Savings.com’s mobile-first strategy aims to connect with coupon users on mobile in three stages: capture, convert and retain. “Our competitive advantage stems from interpreting behavioral data to optimize our ad copy, landing pages and deals for an optimal mobile experience,” says Seth Barnes, head of marketing. “We immediately saw a significant increase in sales coming off of smartphones and continue to invest time and marketing dollars to maximize the channel.”
Savings.com shifted its marketing strategy to captivate deal seekers. Specifically, it optimized its marketing campaigns by device type, time of day and location. Aware of the importance of appearing in the top two ad spots on mobile, Savings.com also set mobile bid adjustment for each merchant. Since consumer purchase behavior varies across merchants, this allowed Savings.com to control its return on investment (ROI) at scale.
In addition to driving more mobile consumers to Savings.com, its new marketing approach has led to increased conversions, resulting in incremental sales for merchants. Savings.com is committed to providing customers with the best online experience and offers available. In addition to its sophisticated mobile strategy, the company constantly monitors search engine marketing (SEM) campaign performance through proprietary software.
Results from mobile-first strategy
Since adopting its new strategy, its mobile click-through rate (CTR) is 200% higher than its desktop CTR, which has helped drive a 300% year-over-year (YoY) increase in traffic from mobile devices.2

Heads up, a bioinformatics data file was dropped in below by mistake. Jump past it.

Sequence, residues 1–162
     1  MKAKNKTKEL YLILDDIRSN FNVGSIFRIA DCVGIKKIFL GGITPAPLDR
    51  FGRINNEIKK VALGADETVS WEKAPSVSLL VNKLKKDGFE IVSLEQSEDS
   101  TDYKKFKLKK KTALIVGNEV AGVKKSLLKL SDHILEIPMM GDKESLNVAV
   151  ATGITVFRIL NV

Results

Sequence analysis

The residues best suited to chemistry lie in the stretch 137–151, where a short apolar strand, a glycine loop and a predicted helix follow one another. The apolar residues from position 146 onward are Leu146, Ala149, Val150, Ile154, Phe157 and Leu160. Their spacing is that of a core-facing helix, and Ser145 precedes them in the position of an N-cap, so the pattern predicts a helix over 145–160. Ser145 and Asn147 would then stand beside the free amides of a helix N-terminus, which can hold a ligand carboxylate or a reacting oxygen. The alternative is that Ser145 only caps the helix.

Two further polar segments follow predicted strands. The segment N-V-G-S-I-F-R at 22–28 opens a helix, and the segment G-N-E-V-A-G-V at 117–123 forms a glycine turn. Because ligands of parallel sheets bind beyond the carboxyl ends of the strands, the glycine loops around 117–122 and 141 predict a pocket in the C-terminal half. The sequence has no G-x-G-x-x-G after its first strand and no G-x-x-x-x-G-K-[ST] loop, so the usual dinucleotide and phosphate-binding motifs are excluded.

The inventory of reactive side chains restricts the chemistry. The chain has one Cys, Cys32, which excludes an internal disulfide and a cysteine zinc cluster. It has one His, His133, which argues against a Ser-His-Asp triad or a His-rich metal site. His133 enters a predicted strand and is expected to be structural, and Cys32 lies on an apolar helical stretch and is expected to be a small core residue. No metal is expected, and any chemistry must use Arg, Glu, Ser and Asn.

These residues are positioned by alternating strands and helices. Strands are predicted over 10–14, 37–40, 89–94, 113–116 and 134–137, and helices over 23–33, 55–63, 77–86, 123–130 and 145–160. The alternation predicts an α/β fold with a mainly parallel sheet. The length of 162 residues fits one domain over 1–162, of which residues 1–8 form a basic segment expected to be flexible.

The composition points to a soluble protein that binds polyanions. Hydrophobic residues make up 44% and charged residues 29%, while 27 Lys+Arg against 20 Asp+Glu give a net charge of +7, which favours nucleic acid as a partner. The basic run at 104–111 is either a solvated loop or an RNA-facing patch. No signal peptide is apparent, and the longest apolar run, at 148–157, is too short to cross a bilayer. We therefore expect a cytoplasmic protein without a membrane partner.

With more than 35% of Savings.com’s traffic coming from mobile devices, revenue from mobile users has increased more than 1,000% YoY,3 showing a profitable model for the company.
Savings.com is excited by the success it has seen so far, and it is continuing to invest heavily to consistently provide users with the best offers available. The proprietary software provides detailed reporting that helps it make informed decisions in its campaign management based on which categories perform best for users on mobile devices.
Mobile-first strategy in action
Foot Locker is just one example where Savings.com has seen notable success with its mobile strategy. After it increased its mobile bid adjustment, 66% of the Foot Locker traffic on Savings.com comes from mobile devices. The new approach allowed Savings.com to be more competitive in the mobile auction, ultimately saving Foot Locker shoppers over $100,000 in six months.
The mobile future
As it looked forward to consumer trends, Savings.com realized that its mobile-first strategy was critical for overall success. While revenue from consumers buying directly off their phones will continue to increase, the biggest opportunity comes in realizing that mobile is perhaps the biggest touchpoint in the whole consumer journey. As mobile websites continue to improve and mobile conversion rates rise, Savings.com’s approach has positioned the company well to drive incremental sales for merchants on all device types.
Today, almost everyone has a phone within reach when buying something— online or offline. In this new connected world, coupon affiliates and retailers will have to adopt an omnichannel strategy to reach the coupon consumer, wherever and whenever they decide to shop.